Microsoft's Search Strategy Goes Vertical

Last Updated Aug 20, 2007 6:20 PM EDT

Windows Live SearchHow often do you query the Web through MSN or Windows Live? Right, and that's one of Microsoft's biggest problems. Hardly anyone uses its online search services, which means it's losing out big time on advertising opportunities. The Google brand of Internet search is so far ahead and has stood in the No. 1 spot for so long that it seems all but hopeless for Microsoft. But the software monolith isn't stupid -- it knows it has a near-zero chance of gaining on Google with its current search properties, and it's moving quickly to execute a sidestepping strategy. Microsoft plans to poke holes in Google's search dominance by snapping up growing "vertical search" Web sites that serve up specialized information. As of yet there's no leading provider of vertical search services -- a fact that has Microsoft thinking it could plant itself on top. BusinessWeek has an interesting article by Jay Greene about Microsoft's best hope in search:
In May [...] only 8.4% of all searches among U.S. Web surfers went through Microsoft's MSN or Windows Live engines, compared with Google's 56.3% share, according to research firm Nielsen/NetRatings. [...]
Microsoft isn't going to give up the fight any time soon. But the software giant is savvy enough to know that it may need to shift the battle to a different front. In recent months, Microsoft has been spending money to boost its efforts in what's known as vertical search, those niche markets where Netizens go when they're looking for specialized information. Think Monster.com or CareerBuilder.com for job seekers or Technorati or Feedster for blog info. [...]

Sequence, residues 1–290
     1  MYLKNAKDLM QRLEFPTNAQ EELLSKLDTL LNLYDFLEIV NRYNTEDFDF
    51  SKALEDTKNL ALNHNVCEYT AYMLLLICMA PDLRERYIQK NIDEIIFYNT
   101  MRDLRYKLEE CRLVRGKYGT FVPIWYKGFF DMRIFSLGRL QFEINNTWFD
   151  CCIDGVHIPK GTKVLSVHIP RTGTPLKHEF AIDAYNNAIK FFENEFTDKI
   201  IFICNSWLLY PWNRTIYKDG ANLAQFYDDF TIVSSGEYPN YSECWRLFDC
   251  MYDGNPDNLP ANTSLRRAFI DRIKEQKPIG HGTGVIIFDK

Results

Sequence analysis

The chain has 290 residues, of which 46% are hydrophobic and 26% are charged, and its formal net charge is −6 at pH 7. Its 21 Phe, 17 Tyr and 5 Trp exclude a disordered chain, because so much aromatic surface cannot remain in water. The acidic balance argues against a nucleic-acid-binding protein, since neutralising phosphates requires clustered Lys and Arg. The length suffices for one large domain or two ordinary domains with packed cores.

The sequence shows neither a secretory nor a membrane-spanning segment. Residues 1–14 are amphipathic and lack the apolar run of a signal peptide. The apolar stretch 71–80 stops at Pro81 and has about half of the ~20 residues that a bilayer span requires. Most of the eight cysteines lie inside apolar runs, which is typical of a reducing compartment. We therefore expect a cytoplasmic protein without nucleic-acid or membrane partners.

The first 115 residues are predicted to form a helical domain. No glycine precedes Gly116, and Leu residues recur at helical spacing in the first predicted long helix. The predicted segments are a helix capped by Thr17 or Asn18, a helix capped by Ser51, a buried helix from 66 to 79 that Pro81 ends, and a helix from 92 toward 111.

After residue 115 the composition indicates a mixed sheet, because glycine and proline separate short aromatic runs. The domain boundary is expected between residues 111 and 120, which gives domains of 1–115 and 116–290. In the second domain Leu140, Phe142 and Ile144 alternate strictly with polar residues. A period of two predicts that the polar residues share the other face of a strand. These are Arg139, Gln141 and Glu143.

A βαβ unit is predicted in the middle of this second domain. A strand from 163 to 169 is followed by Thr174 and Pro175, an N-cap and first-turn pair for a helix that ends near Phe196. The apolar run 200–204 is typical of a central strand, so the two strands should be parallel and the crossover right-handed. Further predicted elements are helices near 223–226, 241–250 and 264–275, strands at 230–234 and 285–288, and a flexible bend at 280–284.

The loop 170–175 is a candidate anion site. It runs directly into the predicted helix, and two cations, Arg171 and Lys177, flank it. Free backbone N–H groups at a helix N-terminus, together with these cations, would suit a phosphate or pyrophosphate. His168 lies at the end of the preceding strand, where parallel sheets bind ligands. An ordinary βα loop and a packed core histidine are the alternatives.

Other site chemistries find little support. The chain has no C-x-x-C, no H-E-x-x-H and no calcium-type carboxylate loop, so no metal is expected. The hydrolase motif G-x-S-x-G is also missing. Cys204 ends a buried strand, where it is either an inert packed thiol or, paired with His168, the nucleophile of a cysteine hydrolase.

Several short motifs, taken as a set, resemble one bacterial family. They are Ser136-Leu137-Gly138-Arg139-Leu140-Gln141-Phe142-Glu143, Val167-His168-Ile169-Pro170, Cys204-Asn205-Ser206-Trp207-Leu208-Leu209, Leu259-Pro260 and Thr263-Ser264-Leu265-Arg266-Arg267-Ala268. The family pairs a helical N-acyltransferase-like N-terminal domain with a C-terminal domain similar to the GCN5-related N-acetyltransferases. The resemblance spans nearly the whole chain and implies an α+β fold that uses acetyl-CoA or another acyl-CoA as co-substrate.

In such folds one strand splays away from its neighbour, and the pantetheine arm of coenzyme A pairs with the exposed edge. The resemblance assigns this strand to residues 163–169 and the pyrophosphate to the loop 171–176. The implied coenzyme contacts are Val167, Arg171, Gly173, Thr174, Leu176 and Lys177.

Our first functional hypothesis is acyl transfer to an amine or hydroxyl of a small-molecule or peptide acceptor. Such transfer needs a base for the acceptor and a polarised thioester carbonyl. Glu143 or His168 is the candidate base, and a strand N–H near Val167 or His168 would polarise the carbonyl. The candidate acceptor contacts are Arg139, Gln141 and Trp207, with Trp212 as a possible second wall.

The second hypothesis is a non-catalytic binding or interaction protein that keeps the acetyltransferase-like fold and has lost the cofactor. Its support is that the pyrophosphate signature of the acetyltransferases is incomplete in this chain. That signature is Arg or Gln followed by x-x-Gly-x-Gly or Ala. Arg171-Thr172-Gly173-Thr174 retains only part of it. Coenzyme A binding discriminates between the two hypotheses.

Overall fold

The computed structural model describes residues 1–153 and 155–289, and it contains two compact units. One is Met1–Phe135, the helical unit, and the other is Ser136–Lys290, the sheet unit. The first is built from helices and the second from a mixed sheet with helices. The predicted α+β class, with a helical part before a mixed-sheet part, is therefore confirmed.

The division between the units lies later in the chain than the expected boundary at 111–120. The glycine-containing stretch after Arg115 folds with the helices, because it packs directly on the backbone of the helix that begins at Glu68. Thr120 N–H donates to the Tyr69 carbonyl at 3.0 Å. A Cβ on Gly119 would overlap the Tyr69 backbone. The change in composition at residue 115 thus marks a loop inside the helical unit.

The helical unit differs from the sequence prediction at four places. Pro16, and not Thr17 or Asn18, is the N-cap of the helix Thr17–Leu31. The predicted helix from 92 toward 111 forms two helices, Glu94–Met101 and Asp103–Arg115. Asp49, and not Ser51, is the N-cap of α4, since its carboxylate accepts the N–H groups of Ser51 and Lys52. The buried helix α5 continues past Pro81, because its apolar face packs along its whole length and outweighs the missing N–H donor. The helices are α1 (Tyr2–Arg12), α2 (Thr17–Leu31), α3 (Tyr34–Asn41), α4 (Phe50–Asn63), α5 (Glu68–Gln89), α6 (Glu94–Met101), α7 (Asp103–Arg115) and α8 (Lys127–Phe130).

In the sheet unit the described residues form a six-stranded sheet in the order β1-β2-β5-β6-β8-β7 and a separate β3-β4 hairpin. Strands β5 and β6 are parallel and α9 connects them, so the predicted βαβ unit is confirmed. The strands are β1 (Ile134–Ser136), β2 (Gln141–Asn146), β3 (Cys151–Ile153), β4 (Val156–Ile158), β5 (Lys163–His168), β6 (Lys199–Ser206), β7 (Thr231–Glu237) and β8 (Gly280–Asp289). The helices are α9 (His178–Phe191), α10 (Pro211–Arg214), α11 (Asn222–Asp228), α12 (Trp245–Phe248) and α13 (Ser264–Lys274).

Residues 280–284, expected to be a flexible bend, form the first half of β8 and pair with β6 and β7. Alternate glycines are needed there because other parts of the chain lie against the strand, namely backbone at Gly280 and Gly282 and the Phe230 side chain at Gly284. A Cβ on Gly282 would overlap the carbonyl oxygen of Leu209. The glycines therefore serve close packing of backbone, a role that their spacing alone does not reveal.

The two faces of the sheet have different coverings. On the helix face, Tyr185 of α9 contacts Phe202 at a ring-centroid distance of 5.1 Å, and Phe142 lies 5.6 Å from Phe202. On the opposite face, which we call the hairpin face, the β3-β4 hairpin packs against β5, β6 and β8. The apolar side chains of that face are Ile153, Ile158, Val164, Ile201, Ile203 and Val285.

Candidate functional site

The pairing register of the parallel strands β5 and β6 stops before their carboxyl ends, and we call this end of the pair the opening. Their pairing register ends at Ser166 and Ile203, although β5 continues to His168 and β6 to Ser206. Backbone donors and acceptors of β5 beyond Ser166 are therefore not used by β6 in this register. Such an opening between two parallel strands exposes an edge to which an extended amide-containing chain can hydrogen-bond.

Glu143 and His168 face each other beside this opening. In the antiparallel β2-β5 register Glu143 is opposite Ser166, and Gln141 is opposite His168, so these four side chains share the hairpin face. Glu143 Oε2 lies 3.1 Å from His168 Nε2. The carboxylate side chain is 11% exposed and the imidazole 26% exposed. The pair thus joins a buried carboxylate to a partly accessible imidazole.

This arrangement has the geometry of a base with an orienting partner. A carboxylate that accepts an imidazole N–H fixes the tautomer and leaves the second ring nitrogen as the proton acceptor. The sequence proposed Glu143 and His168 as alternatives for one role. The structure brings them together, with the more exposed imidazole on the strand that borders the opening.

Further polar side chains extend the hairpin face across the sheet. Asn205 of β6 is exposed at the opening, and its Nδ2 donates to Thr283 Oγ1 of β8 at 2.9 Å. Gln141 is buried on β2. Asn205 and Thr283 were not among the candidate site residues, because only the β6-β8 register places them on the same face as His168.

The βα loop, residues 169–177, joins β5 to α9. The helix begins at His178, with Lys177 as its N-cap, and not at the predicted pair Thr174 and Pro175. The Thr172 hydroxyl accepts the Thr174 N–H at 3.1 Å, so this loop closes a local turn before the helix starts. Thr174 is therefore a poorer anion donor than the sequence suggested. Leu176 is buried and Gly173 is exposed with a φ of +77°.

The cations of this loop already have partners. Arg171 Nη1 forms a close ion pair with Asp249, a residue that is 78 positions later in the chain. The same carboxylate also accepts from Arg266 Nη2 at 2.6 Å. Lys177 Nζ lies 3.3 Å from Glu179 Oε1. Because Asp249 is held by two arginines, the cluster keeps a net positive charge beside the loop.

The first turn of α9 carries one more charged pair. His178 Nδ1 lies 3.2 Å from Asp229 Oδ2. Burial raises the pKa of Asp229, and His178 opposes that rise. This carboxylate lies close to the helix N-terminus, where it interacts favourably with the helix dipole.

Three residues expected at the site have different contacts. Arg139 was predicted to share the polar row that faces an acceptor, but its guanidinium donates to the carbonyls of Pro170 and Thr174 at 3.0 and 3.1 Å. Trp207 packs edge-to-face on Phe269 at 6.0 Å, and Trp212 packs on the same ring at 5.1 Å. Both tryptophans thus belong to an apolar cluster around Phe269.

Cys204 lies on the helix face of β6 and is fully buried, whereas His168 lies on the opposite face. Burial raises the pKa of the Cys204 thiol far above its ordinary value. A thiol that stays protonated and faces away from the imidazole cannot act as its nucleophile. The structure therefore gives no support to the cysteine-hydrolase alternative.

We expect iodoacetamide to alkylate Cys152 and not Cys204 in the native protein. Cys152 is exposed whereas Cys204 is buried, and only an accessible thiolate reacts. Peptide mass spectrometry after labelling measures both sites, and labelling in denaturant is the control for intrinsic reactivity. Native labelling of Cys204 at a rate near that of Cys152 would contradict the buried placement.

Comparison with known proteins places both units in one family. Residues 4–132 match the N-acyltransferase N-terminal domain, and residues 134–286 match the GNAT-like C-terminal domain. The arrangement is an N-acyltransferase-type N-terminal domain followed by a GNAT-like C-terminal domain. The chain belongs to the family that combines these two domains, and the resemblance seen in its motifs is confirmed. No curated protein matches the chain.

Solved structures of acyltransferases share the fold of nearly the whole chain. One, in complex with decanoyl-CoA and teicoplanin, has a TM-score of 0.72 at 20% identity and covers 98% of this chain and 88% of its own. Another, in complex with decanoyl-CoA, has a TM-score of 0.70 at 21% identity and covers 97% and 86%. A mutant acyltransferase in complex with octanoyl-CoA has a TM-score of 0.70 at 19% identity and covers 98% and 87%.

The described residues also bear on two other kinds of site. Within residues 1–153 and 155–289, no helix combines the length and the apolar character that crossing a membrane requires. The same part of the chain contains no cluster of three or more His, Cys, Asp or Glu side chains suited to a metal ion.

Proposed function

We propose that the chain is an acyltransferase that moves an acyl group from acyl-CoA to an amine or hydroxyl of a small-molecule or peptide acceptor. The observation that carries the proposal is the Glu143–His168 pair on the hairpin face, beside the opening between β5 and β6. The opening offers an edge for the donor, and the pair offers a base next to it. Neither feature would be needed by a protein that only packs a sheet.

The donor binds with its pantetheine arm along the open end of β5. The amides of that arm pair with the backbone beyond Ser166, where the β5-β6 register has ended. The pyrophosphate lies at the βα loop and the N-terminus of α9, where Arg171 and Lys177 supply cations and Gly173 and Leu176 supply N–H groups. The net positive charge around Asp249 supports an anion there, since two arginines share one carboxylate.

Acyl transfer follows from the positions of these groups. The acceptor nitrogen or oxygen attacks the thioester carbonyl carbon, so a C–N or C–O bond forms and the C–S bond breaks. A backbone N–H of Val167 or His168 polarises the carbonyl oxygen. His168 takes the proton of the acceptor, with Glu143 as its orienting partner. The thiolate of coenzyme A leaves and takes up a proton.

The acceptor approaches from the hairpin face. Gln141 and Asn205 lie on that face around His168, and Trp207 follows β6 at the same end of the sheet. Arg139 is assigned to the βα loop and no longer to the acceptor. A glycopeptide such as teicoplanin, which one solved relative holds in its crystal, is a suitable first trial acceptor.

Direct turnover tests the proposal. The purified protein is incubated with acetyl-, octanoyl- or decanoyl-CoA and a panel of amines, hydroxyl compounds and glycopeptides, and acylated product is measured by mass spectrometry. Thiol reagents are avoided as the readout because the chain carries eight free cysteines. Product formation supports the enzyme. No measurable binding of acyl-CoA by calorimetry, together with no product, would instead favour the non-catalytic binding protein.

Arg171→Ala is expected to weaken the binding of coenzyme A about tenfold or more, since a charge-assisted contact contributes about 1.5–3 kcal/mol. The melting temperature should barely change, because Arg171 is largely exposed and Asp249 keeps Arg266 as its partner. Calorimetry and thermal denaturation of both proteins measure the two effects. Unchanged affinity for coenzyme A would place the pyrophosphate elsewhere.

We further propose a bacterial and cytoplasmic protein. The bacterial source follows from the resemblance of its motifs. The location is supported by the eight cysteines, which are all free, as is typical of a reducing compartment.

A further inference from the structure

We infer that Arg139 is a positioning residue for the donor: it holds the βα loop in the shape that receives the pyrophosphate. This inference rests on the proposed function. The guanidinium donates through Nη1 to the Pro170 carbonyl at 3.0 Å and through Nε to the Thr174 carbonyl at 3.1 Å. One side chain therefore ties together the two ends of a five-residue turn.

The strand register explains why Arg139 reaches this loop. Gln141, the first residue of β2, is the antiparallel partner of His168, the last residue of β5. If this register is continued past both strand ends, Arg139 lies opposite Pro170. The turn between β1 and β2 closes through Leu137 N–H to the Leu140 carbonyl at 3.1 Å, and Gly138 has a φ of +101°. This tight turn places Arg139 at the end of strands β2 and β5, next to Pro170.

And there are plenty of other niches for Microsoft to mine. With its deep pockets, Microsoft could buy the search-engine leaders in such vertical markets as job openings, comparison shopping, classified advertising, travel information, and more. "They are going to nibble around certain areas where they think they can make inroads and establish leadership," says Greg Sterling, founding principal of Sterling Market Intelligence, an Oakland [California] consultancy.
As can be expected, Google is privy to the vertical search world and knows that Microsoft is a threat, so it isn't planning just to stand back watch. But if anyone has experience and pockets deep enough to wage a long search war, it's Microsoft.

(Image of Windows Live Search Logo by Windows Live)